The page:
Patient treatment satisfaction has been found to be positively associated with biologic/targeted synthetic DMARD (b/tsDMARD) application and improved RA activity or physical function [31, 32].

In our study, only 40.4% of patients were treated with bDMARDs. Our patients did not receive tsDMARDs due to the lack of this treatment universal access within the study timeframe in Poland. It is worth mentioning that other factors not considered in this study, such as depression, could also have an impact on patient treatment satisfaction [33].

In line with the T2T approach, treatment plans should be adjusted if the treatment goals (i.e., remission or low disease activity) remain unachieved. Our study found that although patients had moderate or high disease activity, 51.9% of them were treated with DMARD monotherapy, mainly with conventional synthetic DMARDs (csDMARDs; 48.1%).

In addition, only 48.1% of patients were scheduled to switch to another DMARD (72% to bDMARD and 28% to csDMARD). These observations indicate a delay in making treatment modifications. A recent study found that sub-optimal treatment decisions may be common despite moderate to severe RA activity [34].

The lack of treatment intensification may be related to various factors, including the individual preferences of the patient or physician (e.g., comorbidities, clinical inertia), as well as the national healthcare organization and economic regulations [35, 36].

Our analyses have shown that patient treatment preferences were subcutaneous and oral over intravenous drug administration, monthly administration in the case of the parenteral route, or a daily single oral administration. The percentage of patients with RA who preferred oral administration of the drug was lower (40.4%) than those in other national (56.4%) [14], (64%) [36] or international (60.7%) [24] studies.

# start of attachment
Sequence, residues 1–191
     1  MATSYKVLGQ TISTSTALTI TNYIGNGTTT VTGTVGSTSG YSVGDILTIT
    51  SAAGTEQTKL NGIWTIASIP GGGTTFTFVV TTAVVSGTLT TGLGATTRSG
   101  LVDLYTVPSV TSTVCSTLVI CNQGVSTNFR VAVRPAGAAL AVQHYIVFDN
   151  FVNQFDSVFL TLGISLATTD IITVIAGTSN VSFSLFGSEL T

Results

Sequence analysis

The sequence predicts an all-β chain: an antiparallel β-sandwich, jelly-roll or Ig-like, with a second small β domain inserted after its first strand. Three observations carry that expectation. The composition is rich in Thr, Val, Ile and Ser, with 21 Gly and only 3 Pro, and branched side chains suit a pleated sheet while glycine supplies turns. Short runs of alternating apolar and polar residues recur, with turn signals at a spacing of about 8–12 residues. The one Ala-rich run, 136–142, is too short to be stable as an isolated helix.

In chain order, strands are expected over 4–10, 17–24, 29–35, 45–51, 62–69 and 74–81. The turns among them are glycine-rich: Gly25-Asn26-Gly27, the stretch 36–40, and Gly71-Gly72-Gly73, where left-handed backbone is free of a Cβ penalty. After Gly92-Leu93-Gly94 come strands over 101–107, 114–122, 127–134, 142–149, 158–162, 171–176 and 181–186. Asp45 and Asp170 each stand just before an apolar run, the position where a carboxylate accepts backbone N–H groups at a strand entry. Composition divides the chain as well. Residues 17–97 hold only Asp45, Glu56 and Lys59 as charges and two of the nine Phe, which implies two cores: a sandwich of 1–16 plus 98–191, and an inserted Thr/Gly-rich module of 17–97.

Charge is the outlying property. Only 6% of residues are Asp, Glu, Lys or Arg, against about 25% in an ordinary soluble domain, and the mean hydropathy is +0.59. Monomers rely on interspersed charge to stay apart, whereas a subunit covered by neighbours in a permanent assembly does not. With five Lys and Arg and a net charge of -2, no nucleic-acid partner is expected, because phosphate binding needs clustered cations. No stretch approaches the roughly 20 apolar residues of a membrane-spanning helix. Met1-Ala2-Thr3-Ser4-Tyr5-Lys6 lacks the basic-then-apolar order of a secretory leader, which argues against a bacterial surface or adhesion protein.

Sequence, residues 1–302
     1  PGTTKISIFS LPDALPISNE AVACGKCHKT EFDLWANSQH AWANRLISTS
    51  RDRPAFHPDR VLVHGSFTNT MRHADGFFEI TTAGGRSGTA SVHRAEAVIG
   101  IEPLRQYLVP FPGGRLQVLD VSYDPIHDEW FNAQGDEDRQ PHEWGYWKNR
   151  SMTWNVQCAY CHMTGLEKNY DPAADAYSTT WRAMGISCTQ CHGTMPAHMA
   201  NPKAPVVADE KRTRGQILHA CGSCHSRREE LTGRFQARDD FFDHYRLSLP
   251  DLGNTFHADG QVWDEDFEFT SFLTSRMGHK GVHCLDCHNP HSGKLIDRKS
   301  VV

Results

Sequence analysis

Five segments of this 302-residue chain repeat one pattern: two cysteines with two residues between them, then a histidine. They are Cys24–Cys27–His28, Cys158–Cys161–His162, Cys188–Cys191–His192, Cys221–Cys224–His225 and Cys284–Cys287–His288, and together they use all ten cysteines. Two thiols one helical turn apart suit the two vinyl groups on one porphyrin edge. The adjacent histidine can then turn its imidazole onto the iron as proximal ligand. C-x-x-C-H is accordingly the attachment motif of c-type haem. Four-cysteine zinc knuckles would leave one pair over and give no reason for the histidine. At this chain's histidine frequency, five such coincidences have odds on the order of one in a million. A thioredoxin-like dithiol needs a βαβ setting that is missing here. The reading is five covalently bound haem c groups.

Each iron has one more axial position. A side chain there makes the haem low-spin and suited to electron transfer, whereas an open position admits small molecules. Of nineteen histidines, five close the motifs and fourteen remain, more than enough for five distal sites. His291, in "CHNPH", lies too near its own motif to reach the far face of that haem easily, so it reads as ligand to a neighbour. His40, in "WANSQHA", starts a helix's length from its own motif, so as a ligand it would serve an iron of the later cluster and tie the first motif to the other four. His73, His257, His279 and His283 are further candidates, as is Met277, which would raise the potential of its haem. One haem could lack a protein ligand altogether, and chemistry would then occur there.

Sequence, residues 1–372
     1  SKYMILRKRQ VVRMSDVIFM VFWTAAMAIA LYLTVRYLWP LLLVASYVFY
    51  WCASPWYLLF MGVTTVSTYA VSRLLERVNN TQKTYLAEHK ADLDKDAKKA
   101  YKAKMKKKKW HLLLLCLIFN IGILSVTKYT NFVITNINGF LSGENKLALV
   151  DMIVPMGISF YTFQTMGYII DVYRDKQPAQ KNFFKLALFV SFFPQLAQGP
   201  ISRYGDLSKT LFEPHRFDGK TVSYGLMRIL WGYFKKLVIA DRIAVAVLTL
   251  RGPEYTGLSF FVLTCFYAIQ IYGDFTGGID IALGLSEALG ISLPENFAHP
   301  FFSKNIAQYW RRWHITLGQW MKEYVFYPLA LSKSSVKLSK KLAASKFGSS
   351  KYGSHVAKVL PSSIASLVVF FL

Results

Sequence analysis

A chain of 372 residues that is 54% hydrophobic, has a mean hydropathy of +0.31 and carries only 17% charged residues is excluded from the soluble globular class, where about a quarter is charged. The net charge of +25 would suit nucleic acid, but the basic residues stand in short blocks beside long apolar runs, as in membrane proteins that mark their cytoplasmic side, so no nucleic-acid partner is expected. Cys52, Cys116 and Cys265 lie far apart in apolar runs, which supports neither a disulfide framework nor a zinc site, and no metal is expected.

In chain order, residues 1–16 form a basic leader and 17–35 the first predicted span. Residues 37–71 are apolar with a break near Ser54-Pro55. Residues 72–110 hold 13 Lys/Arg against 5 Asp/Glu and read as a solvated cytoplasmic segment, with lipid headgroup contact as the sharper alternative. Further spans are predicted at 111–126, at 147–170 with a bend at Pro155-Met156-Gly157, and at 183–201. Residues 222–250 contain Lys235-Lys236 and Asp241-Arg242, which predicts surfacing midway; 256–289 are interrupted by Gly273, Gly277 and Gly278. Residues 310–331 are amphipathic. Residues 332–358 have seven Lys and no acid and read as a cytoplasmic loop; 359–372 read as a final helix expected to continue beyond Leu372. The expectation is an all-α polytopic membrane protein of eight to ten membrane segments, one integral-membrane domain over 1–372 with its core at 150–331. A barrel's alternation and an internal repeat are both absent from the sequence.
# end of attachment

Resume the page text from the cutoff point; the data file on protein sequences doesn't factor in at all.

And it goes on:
However, this result should be considered in the context of the lack of opportunity to benefit from the effects of oral Janus kinase inhibitors, which could have impacted the therapeutic preferences of study patients.

It was reported that concerns about adverse effects may influence patient treatment decisions [37]. Therefore, we asked our patients about the most and least acceptable side effects of RA therapy. We found that the most accepted side effect for patients was weight gain, and the least accepted side effects were increases in the risk of cardiovascular disease, infection, and malignancies. Our patient preference profile for RA treatment-related adverse events is consistent with previously published observations [37].

The patients wish to access educational materials on RA, RA treatment, and the patient support program, but without the need of a personal coach or digital lifestyle interventions – contradictory to the notion of digitization advancement in rheumatology [38].

A significant proportion of patients were unsure of the usefulness and importance of online health resources or were undecided in evaluating the aspects of their DHL (> 70% of patients showed low DHL), which is consistent with a previous report that showed that many patients with RA have insufficient skills to use internet health resources effectively [22].

The presence of elderly patients in our study might have influenced the level of digital literacy calculated for the entire cohort, as a negative correlation between DHL and the age of the respondents [39].

Study limitations

The limitations of our study should be acknowledged. Patient-reported outcome questionnaires may be prone to assessment bias. The patient-provided information evaluation did not assess the degree of patient preferences. Additionally, because we selected patients on the basis of their willingness to participate in the study, this study group may have had a more cooperative approach in contact with the physician compared to the general population of patients with RA.

However, although the study cohort was small, this investigation was part of an extensive international project (SENSE study), which involved 1,624 patients.


We provided data on preferences, expectations, and treatment satisfaction, along with broad socio-demographic and clinical characteristics of Polish patients with moderate or severe RA.

The results of this research were consistent with the study of a larger group of patients enrolled in the international SENSE trial, which included patients from different geographic conditions.

The results of this study should be of particular importance in clinical practice because they may influence treatment decisions and help adjust therapy in patients with sub-optimal control of RA. Consequently, it may improve the working life of patients and limit the utilization of healthcare resources. The study also provided unique DHL data of Polish patients with RA and advocated a necessary improvement.